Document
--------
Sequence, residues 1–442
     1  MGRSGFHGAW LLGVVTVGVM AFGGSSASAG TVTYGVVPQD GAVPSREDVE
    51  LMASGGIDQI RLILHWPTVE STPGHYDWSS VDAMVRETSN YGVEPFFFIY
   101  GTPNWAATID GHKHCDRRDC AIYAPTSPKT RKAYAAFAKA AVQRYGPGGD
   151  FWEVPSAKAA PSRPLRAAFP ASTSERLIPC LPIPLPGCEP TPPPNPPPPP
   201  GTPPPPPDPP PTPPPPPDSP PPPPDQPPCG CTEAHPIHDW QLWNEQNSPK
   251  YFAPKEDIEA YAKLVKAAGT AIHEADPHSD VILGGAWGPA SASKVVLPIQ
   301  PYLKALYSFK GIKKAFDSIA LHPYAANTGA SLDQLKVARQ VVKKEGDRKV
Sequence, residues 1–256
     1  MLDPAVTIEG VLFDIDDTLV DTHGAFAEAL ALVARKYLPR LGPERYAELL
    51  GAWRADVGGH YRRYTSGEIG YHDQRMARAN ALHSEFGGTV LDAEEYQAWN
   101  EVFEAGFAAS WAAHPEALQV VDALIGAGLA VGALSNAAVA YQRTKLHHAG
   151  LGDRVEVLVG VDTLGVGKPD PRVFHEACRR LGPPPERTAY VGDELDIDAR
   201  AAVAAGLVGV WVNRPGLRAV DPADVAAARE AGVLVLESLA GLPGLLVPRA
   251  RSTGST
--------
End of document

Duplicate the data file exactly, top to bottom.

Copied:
Sequence, residues 1–442
     1  MGRSGFHGAW LLGVVTVGVM AFGGSSASAG TVTYGVVPQD GAVPSREDVE
    51  LMASGGIDQI RLILHWPTVE STPGHYDWSS VDAMVRETSN YGVEPFFFIY
   101  GTPNWAATID GHKHCDRRDC AIYAPTSPKT RKAYAAFAKA AVQRYGPGGD
   151  FWEVPSAKAA PSRPLRAAFP ASTSERLIPC LPIPLPGCEP TPPPNPPPPP
   201  GTPPPPPDPP PTPPPPPDSP PPPPDQPPCG CTEAHPIHDW QLWNEQNSPK
   251  YFAPKEDIEA YAKLVKAAGT AIHEADPHSD VILGGAWGPA SASKVVLPIQ
   301  PYLKALYSFK GIKKAFDSIA LHPYAANTGA SLDQLKVARQ VVKKEGDRKV
Sequence, residues 1–256
     1  MLDPAVTIEG VLFDIDDTLV DTHGAFAEAL ALVARKYLPR LGPERYAELL
    51  GAWRADVGGH YRRYTSGEIG YHDQRMARAN ALHSEFGGTV LDAEEYQAWN
   101  EVFEAGFAAS WAAHPEALQV VDALIGAGLA VGALSNAAVA YQRTKLHHAG
   151  LGDRVEVLVG VDTLGVGKPD PRVFHEACRR LGPPPERTAY VGDELDIDAR
   201  AAVAAGLVGV WVNRPGLRAV DPADVAAARE AGVLVLESLA GLPGLLVPRA
   251  RSTGST